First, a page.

TV show denied access to
'Lie Detector' lacked gravity,
Posted: Dec. 29, 2004
Madison - With more and
television shows clamoring for a chance to interview convicts behind
bars, state Department of Corrections officials have found themselves
staring at the blurred line between news and entertainment.
"48 Hour Mystery," hosted by
award-winning reporter Leslie Stahl on CBS, was given access. "Lie
Detector," a show that sought to give polygraph tests to three
Wisconsin inmates maintaining their innocence, wasn't.
That prompted an outcry from
producers of "Lie Detector," the new version of a 1960s show that seeks
to determine whether notorious people are truthful or artful liars.
"It was determined that is
entertainment, rather than news," department spokesman Bill Clausius
said of the decision to deny "Lie Detector" access to inmates.
Ralph Andrews, one of the
producers of "Lie Detector," said department officials had
misunderstood the show.
He described the program as "
'60 Minutes' with a twist" and said it is comparable to offerings on
"None of these prisoners are
sing or dance or do anything remotely connected to entertainment.. . .
Entertainment is 'American Idol' and any dramatic series, but when
you're dealing with real people, real lives, life and death situations,
to call that entertaining is sick," Andrews said.
The department's decision has
some with ties to the show wondering whether Deputy Corrections
Secretary Rick Raemisch has a conflict of interest, because he led two
investigations as Dane County sheriff that "Lie Detector" is interested
Getting at the truth
The latest version of "Lie
will air as a weekly show on Pax TV starting in March. The show has had
many incarnations since the 1960s, most recently in 1998 as a one-hour
special on Fox.
In it, people have their claims
tested by polygraph expert Ed Gelb.
The decision to keep the TV
of the prisons, first reported by Madison weekly newspaper Isthmus, was
made by Raemisch after officials watched a tape of the 1998 special,
On the special, hosted by O.J.
Simpson prosecutor Marcia Clark, the claims of innocence by a Florida
teenager convicted of manslaughter were found to be true, as was Jeff
Gillooly's contention that ex-wife Tonya Harding had a hand in the plot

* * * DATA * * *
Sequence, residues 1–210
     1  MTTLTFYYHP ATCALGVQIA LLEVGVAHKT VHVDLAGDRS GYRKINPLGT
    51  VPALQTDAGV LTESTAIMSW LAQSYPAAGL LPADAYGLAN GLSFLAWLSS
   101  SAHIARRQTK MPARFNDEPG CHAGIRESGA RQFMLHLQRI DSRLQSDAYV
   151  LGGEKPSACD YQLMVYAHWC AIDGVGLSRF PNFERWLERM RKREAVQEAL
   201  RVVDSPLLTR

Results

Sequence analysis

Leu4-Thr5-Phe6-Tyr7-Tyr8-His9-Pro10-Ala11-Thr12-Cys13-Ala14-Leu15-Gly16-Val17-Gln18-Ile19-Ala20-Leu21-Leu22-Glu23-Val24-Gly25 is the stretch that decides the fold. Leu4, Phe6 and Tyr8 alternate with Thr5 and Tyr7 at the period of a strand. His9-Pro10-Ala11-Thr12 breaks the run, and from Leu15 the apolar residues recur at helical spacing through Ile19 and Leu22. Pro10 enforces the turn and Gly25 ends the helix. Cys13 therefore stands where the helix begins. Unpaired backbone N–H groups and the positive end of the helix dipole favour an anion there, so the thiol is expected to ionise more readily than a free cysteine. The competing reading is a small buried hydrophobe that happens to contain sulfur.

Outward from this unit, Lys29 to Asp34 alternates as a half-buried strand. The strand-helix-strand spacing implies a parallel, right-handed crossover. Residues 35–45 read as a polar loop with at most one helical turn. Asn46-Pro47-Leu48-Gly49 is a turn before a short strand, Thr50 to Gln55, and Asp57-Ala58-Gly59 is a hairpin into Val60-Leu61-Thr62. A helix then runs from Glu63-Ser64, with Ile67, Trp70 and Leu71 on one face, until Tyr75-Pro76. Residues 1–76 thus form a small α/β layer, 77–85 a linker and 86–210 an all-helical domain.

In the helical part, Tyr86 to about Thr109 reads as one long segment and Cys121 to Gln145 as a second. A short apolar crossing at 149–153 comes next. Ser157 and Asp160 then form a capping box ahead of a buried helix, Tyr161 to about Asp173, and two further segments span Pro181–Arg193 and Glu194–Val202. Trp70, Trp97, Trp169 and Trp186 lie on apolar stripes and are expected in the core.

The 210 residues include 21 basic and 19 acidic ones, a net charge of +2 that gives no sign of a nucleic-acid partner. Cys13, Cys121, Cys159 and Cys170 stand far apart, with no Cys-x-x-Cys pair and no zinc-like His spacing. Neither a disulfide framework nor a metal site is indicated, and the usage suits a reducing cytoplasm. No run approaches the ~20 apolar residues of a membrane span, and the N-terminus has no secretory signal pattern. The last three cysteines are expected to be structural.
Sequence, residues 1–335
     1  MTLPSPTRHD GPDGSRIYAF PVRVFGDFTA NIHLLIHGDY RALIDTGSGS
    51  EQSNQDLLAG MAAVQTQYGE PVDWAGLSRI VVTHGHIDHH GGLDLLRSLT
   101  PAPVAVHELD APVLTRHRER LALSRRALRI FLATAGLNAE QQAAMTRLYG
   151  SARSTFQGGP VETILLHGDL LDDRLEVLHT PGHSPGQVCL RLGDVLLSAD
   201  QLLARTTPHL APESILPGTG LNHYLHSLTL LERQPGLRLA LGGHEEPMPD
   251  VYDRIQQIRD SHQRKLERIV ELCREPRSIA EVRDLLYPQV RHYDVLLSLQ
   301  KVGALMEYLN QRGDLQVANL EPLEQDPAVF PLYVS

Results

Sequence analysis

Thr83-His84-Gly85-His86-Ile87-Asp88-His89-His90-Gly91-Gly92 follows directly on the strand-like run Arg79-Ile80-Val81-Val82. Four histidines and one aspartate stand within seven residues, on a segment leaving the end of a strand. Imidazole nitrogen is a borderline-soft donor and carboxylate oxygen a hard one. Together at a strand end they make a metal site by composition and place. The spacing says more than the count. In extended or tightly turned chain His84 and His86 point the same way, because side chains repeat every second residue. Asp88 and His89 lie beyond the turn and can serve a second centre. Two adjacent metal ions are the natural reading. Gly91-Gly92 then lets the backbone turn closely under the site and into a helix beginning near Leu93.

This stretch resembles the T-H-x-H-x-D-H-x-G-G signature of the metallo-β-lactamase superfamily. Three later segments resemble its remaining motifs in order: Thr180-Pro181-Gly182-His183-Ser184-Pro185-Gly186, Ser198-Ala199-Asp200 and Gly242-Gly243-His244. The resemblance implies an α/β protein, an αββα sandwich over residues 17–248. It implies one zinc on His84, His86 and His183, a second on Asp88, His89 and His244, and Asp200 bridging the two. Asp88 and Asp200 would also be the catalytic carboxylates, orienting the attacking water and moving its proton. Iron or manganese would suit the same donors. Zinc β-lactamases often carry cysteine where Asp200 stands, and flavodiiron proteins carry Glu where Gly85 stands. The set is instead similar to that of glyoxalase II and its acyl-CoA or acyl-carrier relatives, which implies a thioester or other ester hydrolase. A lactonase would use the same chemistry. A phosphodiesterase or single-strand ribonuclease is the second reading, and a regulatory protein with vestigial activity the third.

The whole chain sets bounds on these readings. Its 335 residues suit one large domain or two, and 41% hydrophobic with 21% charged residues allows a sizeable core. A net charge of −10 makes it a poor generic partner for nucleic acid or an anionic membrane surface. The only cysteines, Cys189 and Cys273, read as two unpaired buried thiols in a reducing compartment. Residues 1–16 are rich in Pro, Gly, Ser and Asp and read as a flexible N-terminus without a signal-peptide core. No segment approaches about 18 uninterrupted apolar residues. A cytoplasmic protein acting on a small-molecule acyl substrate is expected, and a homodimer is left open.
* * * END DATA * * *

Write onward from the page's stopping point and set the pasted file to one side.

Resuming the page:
to attack fellow Olympic skater Nancy Kerrigan.
On that episode, James Nichols,
brother of Oklahoma City bombing conspirator Terry Nichols, failed a
test when he said he knew nothing of that plot.
Recently, the "48 Hours
was allowed to interview Wisconsin inmate John Maloney, a former cop
convicted of killing his wife and who maintains he is innocent. That
program was granted access to the prison because it is connected to the
news division of CBS, Clausius said. "Lie Detector" has no ties to an
established news outlet.
Sheila Berry, an advocate for
imprisoned inmates, said "Lie Detector" was similar to "48 Hours
Mystery" and other prime-time news shows that use
entertainment-programming devices to attract their audiences.
She called Raemisch's role in
the decision-making unfair.
"I think that's a conflict,"
Berry, the director of
Richmond, Va.-based Truth in Justice, helped Andrews identify inmates
who may be wrongly incarcerated.
During his tenure as sheriff
1990 to 1997, Raemisch headed the investigations into two of the people
the producers wanted to test: Penny Brummer, who is serving a life
sentence for killing a friend in 1994; and Audrey Edmunds, who is
serving an 18-year sentence for the 1995 death of an infant in her care.
Raemisch was on vacation
and unavailable for comment. Clausius called his connection to the
cases as a former sheriff "irrelevant" to the decision to bar the TV
The third case "Lie Detector"
wanted to examine was that of Mark Price, who is serving a life
sentence for murder.
Price was prosecuted by
District Attorney Joe Paulus, who has since been convicted of tax
evasion and taking bribes from a defense attorney. Berry, of Truth in
Justice, served as director of Paulus' victim/witness assistance
program from 1988 to 1990.
Denial too harsh
Rep. Mark Pocan (D-Madison)
had no reason to suspect Raemisch was trying to block a look into his
investigations as sheriff. But the public may begin to look for
ulterior reasons for the decision because the department's logic in
denying the show's request does not make sense, said Pocan, who tried
to help the producers get inside the prisons.
"When you deny something
really substantial reasons, it looks like you're trying to hide
something, and that usually raises questions about the cases," he said.
The department has become more
in recent years but on occasion reverts to a "Pentagon-like mentality"
of secrecy, Pocan said.
He was initially told the "Lie
Detector" crew would be disruptive, though the department backed off on
that claim after learning a three-person team was all that was needed.
The department also has raised concerns about how the tests would
affect the victims' families.
While the upcoming season will
not feature the three inmates, it may include a piece on a Wisconsin
Andrews, the producer, said he
to give a polygraph test to Laurie Bembenek, a former Milwaukee police
officer and Playboy bunny convicted of a 1981 murder. Bembenek, who
gained nationwide attention in 1990 for her escape from prison, has
long maintained her innocence.